Dundee researcher recognised as top scientist
Published On Thu 15 Jun 2017 by Grant Hill
The University of Dundee’s Professor Tracy Palmer has been elected as a member of one of the world’s most prestigious scientific organisations.
Professor Palmer, based at the University’s School of Life Sciences, is one among the outstanding 65 researchers from across the world to be honoured with election to the European Molecular Biology Organisation (EMBO). The new intake is drawn from 19 European member states as well as Japan and the United States.
The organisation aims to support talented researchers at all stages of their careers, stimulate the exchange of scientific information, and help build a European research environment where scientists can achieve their best work.
Professor Palmer said, “I am honoured to be recognised by EMBO in this way. It’s a real achievement and is testament to the hard work of my group over the past 20 years.”
Professor Palmer’s research investigates the processes by which bacteria secrete proteins into the environment. Her group were one of the first to describe the twin-arginine protein transport (Tat) pathway, which has the unique feature of transporting folded proteins across the bacterial plasma membrane. More recently she has studied the Type VII protein secretion system in the human pathogen Staphylococcus aureus, showing that it plays an important role in competition with neighbouring bacteria.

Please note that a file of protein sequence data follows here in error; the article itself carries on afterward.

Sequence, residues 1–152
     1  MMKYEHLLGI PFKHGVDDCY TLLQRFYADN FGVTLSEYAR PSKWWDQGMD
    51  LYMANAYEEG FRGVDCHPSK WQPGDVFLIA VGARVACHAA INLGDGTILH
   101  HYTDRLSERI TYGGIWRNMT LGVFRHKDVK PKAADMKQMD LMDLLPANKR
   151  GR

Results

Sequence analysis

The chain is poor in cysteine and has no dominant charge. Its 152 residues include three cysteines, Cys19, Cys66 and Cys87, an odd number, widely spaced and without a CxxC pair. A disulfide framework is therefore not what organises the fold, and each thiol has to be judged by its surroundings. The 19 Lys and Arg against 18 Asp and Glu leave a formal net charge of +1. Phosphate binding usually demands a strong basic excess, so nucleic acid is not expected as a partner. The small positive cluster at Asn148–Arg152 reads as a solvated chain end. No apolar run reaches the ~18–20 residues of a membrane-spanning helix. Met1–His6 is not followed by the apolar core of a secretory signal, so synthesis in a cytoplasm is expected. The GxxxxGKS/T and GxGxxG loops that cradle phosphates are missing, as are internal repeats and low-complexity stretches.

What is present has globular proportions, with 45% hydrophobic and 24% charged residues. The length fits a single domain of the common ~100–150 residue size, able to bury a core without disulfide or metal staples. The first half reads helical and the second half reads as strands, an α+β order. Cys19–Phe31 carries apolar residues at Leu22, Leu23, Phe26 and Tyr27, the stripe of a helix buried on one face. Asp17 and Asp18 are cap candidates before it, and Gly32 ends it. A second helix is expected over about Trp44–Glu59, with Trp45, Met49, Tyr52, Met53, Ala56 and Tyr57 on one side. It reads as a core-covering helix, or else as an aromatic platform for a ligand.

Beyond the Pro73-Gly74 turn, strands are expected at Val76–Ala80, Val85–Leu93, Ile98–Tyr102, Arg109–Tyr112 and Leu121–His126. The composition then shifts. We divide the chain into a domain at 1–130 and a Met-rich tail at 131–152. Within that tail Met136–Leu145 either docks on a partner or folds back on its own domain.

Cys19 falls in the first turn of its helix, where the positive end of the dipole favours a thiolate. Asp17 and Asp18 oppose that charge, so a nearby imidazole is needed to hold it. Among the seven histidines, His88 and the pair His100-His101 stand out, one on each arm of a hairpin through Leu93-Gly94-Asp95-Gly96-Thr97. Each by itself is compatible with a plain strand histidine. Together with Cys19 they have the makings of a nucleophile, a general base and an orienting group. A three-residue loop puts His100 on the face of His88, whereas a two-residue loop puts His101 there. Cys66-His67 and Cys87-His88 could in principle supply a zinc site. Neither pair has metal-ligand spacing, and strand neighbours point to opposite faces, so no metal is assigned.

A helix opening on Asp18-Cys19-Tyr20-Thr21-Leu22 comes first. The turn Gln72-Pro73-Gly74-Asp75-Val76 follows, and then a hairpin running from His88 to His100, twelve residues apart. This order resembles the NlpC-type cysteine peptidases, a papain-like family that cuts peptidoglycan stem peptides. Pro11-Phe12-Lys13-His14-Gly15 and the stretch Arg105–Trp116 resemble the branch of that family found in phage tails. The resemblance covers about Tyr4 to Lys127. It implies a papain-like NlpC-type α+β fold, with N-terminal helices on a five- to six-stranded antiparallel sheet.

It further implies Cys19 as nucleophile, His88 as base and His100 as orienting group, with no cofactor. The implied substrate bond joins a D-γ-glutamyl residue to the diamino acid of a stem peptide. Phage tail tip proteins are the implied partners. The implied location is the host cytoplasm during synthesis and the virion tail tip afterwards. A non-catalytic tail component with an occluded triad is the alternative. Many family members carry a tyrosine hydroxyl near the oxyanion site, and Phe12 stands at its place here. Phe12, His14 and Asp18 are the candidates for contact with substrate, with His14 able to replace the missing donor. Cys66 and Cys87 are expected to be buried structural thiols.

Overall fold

New EMBO Members and Associate Members will be formally welcomed at the EMBO Members’ Meeting in Heidelberg between 18th and 20th October 2017. EMBO membership now stands at 1700 of the world’s foremost molecular biologists and members contribute scientific expertise to the various programmes coordinated by the group.
“Election to the EMBO Membership is recognition of research excellence, and I am pleased to welcome so many great scientists to our organisation,” said EMBO Director Maria Leptin. “We received more nominations than ever before during this election cycle, which pays tribute to the strength and diversity of the European life sciences. Drawing on our new members’ expertise and insight will be invaluable in helping EMBO to deliver and strengthen its programmes and activities in the years to come.”
More information is available at www.embo.org.
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